One of the more consistent debates among my angst ridden generation of parents is the one about the dreaded Participation Trophy. There are those out there that believe that children who are given trophies for mere participation gain self-confidence and the willingness to try new things, and there are those out there that believe that the awarding of trophies to children for mere participation waters down true achievement, creates a sense of entitlement which does not prepare them for the let-downs of the real world, and gives kids a feeling that hard work isn’t necessary for reward.
The Luck of the Draw Run, which took place yesterday afternoon, is one of the more perfectly conceived Nebagamon events that respects both sides of this debate. It is an all camp marathon (a Kaplan style marathon that is…..1.2 miles!). Like any race, the top finishers in all of the age divisions are announced and celebrated for their achievement, but additionally, there is another set of winners. The Luck of the Draw Run is so named because the ultimate winners are determined by randomly pairing runner times, so at the end of the day, it is the two randomly selected runners with the lowest COMBINED time that win the race and whose names are permanently enshrined on the Luck of the Draw trophy in the Rec Hall.
This bit of genius allows for the serious athletes and competitors in the camp family to press themselves and get recognized for their hard work and talent, and it also encourages participation from those that just wish to be involved, have fun, and maybe even win! The Luck of the Draw invites a broad range of participation that is truly a joy to behold.
The announcements about the best times and the random pairings are made during dinner. It is always a lot of fun. There are the moments when we are genuinely impressed, “Gosh, I didn’t realize what a strong runner you are…way to go!” and there are the hilarious moments when the top finishing counselor is paired with the boy that walked the course backwards….they didn’t win. There are the really cool coincidences that make us all smile, like the two brothers that got paired together, or when a camper and his counselor were matched. It’s all truly entertaining and a great all camp bonding moment.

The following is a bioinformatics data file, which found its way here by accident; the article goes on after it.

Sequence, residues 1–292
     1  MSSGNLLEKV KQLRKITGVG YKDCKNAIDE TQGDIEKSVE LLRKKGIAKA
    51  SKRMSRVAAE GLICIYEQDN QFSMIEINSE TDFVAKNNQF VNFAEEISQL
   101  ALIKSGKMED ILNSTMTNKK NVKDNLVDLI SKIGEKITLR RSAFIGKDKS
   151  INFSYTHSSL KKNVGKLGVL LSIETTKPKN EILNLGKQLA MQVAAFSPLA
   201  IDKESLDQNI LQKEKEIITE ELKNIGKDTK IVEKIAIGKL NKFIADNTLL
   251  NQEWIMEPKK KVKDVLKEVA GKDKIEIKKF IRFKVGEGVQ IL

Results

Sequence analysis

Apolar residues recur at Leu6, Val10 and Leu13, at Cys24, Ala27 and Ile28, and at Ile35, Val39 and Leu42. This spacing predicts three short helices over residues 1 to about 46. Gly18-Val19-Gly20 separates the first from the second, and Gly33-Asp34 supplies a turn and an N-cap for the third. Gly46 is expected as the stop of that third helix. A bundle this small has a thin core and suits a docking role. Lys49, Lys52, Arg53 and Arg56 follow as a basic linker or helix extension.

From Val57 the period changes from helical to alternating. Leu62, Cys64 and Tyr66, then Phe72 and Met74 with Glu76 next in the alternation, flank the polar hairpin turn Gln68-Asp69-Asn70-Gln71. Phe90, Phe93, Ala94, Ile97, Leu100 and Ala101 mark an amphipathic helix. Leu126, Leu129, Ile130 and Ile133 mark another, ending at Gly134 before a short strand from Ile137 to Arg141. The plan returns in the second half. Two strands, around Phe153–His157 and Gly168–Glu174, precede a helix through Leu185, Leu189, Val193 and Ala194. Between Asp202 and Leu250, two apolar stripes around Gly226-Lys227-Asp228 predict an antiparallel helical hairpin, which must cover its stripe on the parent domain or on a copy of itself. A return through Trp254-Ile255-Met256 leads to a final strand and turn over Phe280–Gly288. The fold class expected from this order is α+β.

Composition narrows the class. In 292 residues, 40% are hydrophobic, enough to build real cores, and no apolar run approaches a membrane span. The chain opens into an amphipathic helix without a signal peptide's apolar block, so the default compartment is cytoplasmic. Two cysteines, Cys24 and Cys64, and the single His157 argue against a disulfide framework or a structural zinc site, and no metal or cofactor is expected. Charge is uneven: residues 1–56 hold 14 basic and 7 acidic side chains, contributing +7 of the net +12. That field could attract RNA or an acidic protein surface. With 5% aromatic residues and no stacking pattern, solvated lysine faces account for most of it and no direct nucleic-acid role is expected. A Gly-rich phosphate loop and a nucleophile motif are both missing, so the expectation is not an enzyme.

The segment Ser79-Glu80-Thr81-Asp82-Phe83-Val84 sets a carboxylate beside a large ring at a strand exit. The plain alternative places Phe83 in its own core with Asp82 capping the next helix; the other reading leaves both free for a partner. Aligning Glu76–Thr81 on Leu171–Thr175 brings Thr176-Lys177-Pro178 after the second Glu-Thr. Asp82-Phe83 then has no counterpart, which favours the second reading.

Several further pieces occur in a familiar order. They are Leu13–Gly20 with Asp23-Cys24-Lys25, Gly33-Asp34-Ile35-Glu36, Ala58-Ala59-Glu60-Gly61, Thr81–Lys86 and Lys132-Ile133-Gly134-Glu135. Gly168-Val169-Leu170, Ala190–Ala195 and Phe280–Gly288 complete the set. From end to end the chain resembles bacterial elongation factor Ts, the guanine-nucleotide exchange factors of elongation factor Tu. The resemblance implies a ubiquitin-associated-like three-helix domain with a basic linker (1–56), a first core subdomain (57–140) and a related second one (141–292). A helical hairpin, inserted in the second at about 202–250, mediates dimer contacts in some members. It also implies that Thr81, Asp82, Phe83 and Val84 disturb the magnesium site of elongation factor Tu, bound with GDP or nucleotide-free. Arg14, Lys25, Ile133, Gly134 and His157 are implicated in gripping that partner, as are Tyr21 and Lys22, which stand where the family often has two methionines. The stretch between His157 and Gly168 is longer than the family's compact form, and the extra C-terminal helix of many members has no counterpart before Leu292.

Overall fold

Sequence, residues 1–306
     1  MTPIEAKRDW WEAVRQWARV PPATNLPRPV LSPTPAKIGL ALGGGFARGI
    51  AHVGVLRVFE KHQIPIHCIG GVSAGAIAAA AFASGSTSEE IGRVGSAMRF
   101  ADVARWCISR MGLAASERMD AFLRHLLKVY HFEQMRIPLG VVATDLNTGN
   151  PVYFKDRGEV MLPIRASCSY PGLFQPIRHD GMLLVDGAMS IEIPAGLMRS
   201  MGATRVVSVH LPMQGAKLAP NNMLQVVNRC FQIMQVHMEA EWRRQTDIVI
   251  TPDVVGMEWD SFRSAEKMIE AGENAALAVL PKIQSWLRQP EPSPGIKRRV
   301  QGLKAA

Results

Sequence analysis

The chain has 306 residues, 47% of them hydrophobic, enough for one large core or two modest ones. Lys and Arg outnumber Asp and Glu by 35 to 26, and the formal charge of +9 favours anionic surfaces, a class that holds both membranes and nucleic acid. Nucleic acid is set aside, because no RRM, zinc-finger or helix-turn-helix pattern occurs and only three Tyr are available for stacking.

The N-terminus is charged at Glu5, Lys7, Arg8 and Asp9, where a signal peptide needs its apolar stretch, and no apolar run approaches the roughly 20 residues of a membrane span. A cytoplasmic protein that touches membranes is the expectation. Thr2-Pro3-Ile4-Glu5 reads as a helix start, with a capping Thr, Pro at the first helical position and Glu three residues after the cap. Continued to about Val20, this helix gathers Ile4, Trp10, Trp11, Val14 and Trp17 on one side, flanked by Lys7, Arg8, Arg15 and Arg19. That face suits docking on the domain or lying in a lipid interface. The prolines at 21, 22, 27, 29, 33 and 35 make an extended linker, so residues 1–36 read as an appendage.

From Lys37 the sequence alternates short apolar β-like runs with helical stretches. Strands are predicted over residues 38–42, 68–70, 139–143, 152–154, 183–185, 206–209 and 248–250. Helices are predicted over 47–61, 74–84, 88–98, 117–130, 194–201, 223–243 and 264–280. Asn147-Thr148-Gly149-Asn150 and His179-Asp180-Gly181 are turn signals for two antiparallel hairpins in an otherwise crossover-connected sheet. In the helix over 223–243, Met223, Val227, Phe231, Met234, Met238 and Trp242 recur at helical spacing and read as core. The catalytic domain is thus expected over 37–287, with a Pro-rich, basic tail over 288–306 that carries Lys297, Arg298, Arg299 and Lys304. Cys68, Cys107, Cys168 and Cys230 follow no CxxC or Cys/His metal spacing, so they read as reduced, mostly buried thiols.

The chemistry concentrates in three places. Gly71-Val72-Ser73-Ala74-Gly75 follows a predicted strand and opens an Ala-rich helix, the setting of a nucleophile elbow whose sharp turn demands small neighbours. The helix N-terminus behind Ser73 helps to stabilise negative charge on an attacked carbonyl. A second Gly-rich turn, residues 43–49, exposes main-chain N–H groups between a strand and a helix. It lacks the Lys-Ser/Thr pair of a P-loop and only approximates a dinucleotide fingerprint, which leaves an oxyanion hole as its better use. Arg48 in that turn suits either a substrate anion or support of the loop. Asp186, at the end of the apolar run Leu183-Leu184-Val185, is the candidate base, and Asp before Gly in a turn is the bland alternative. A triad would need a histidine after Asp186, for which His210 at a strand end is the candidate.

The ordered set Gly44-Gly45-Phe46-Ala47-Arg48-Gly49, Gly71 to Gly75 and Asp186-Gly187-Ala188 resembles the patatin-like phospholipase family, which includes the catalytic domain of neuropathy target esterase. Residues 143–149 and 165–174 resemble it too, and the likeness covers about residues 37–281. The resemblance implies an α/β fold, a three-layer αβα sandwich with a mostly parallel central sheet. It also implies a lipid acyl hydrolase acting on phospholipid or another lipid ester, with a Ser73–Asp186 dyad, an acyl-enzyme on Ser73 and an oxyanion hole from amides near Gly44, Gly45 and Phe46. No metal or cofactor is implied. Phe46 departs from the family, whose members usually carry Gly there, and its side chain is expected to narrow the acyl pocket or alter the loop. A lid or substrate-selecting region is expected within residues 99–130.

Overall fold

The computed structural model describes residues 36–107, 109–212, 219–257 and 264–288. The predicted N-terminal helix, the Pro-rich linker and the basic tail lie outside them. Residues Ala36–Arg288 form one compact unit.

As cool as learning about and admiring the results of the race, for me the best part is getting to watch the race itself.
From my perch on the Big House porch (yes, I know I said it was a Kaplan style marathon at only 1.2 miles, but I still managed to be “too busy” to get out there!), I was treated to all sorts of athletes. Within the first couple of minutes I was amazed at the speed and grace of some of camp’s most elite runners of all ages. These are folks for whom running up the hill just outside the Big House seemed like an effortless saunter in the afternoon. (This is the same hill that requires me to stop for a water break halfway up during even the most leisurely stroll….although I tell the kids it is because I think that water fountain has THE best water in camp! Shhhhhh….don’t sell me out ok?) They were followed up by those kids that were giving it their all (and Steph), but you could see on their faces (and Steph’s) that this was really difficult for them. Nevertheless, their determination and grit propelled them to the top of that hill with enough energy to squeeze out a smile and occasionally even a wave as I called out their names in a cheer of support.
Following all of these more serious runners came the more unique runners. There were three-legged racers (kids who had tied two of their feet together). There were counselors running while carrying a bicycle above their heads (yeah, I couldn’t figure that one out either!). There were boys that had tied the laces of their own shoes together to shorten their strides (and yes, increase injury opportunities, but we emerged unscathed!) There were older boys portaging a canoe along the route. There were also straight up walkers…and aforementioned backwards walkers. Perhaps the participants I most enjoyed watching were the teams of racers. For some reason, this year, we had quite a few teams of blindfolded racers paired with a friend that guided them through the course either by hand or, in the most challenging cases, by simply using verbal commands and not physical assistance to guide their partners. These participants ranged in age from Swampers to Lumberjacks. Sometimes two Swampers were paired together, sometimes a Logger and a Lumberjack worked together. There was just about every permutation imaginable. It was a great reminder that after three weeks, we truly have become a real (camp) family in which we all enjoy each other, regardless of age.
It was just plain fun…
(You see how I brought up the whole Participation Trophy issue and avoided offending anyone by not taking a side? Pretty slick huh?)
The afternoon was capped off with a G-PARTY, our biggest G-Swim of the year, with more kids splashing around and having fun in the water than on any other day this summer. As a camp director, it is actually an emotionally powerful sight. Here we are with just a few days left in the session and I have true verification that this camp thing has really worked. We have a camp full of kids, playing in the water like kids, and having the time of their lives.
This is too much fun…..someone please slow the clocks.
All is well in the North Woods.